Oct 092012

In the below quote I’ve italicized the best phrase in Joseph Epstein’s article from The Weekly Standard. It states a problem that applies not just to higher education, sad to secondary and elementary education as well. And it’s a problem not just in the teaching of history, but in the teaching of science, too – especially ecological and environmental science.

It is sometimes accompanied by talk about teaching young people to think critically.  But in practice, teaching them to think critically usually consists of indoctrination rather than education.  But if students are given lots to think about, they often WILL learn to think critically.  But they need to have in their heads facts about who did what to whom, and when, or information about natural histories of organisms.  If they have their heads stuffed full of facts, then they have some of the raw material necessary for critical thinking about higher-level interpretations of history and of ecological systems.

Another advantage of giving students detailed information to work with is that it’s interesting.  Broad generalizations about history or about ecological systems tend to be boring unless they are accompanied by detailed factual knowledge.

I just now realized that I didn’t practice what I’ve been preaching. I gave some broad generalizations without providing specific examples. I guess I’ll let it stand for now.  Make of it what you wish.

Soon, the guys in the next room, in their hunger for relevance and their penchant for self-indulgence, began teaching books for reasons external to their intrinsic beauty or importance, and attempted to explain history before discovering what actually happened.

via Who Killed the Liberal Arts? | The Weekly Standard.

Oct 062012

Like Karl Marx said, From each according to his ability to have money beat out of him by the IRS, to each one-percenter according to his need to live a grandiose lifestyle.

perhaps celebrities are merely emulating the well-heeled production companies that have just hit up California taxpayers for another $200 million. Is this what Hollywood liberals call social justice?

Governor Jerry Brown this week signed a two-year extension of a film and television tax credit that his Republican predecessor Arnold Schwarzenegger supported in 2009. The credit is essentially a dolled-up subsidy. For every dollar that production companies spend on a project in the state, they get credited 20 to 25 cents against their state sales and income taxes. Nice deal if you can get it.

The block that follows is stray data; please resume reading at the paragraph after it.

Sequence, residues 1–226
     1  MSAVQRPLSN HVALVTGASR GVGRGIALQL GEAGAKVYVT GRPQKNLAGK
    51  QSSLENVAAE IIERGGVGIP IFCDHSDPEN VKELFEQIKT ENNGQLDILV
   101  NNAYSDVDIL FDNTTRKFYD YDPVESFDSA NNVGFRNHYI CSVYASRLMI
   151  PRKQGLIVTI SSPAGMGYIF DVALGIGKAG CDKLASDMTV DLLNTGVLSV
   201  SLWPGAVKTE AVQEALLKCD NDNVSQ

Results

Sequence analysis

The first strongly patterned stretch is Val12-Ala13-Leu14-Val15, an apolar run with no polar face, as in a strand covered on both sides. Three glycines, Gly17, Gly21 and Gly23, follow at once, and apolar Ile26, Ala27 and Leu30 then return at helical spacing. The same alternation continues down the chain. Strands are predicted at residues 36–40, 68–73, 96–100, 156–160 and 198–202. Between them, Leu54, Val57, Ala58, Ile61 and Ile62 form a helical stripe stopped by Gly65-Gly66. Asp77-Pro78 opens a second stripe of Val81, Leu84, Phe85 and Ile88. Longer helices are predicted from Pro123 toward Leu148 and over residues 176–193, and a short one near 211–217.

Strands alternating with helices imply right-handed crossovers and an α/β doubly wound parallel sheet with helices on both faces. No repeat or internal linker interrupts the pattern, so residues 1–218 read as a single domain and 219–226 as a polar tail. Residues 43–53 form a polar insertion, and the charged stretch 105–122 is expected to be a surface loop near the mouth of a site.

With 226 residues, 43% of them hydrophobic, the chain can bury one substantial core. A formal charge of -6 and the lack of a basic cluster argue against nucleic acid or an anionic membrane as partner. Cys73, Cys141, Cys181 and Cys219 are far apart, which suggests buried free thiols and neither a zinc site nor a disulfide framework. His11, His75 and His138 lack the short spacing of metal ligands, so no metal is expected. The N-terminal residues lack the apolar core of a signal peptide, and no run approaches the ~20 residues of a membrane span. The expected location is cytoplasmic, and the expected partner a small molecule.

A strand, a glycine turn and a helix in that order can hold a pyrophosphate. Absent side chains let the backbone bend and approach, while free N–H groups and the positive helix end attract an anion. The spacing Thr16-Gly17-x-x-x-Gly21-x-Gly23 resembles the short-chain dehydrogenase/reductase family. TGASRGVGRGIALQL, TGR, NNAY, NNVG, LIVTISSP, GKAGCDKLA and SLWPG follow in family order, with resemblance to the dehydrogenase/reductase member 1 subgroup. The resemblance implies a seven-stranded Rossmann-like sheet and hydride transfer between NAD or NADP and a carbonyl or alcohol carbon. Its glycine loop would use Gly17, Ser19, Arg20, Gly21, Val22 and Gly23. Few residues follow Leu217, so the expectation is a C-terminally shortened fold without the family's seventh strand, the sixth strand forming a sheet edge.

via Review & Outlook: Welfare for Hollywood – WSJ.com.

Oct 052012

Proof that President Obama is not a socialist: He is using advertising to sustain his health care program.  We have been taught since we were young that advertising is a hallmark of capitalism.

As Congress probes expensive public-relations contracts to market the unpopular Obamacare law to the American public, the Centers for Medicare and Medicaid Services recently announced that it has inked a deal worth more than $3 million to promote Obamacare’s “exchanges.”

via HHS Awards Another Multi-Million-Dollar Obamacare PR Contract.

Oct 022012

You can’t have government funding without government control.

As CNSNews.com previously reported, the public school system in Fairfax County, Va., requires students to select a serving of fruit or vegetables for the reduced school-lunch price to apply.

via Gov’t Urges Parents to Use School Lunches As a Model for Family Dinner | CNSNews.com.

Oct 012012

This is of course  nonsense. No industry is going to object to each and every thing that would change the status quo.  If their income doubled, that would change the status quo, but they wouldn’t object.  If there were changes to the status quo that helped them do a better job for patients, and it happened to coincide with their own interests, they wouldn’t object to any such changes.

One becomes suspicious of people who instead of answering the objections trot out nonsense about people not wanting change.  It makes one wonder why they won’t respond to the objections.  One possible reason is they don’t have very good arguments.

“It’s modest, but it’s a start,” said Dr. John Santa, director of the Consumer Reports Health Ratings Center. “Should we be surprised that industry is objecting? You would expect them to object to anything that changes the status quo.”

via News from The Associated Press.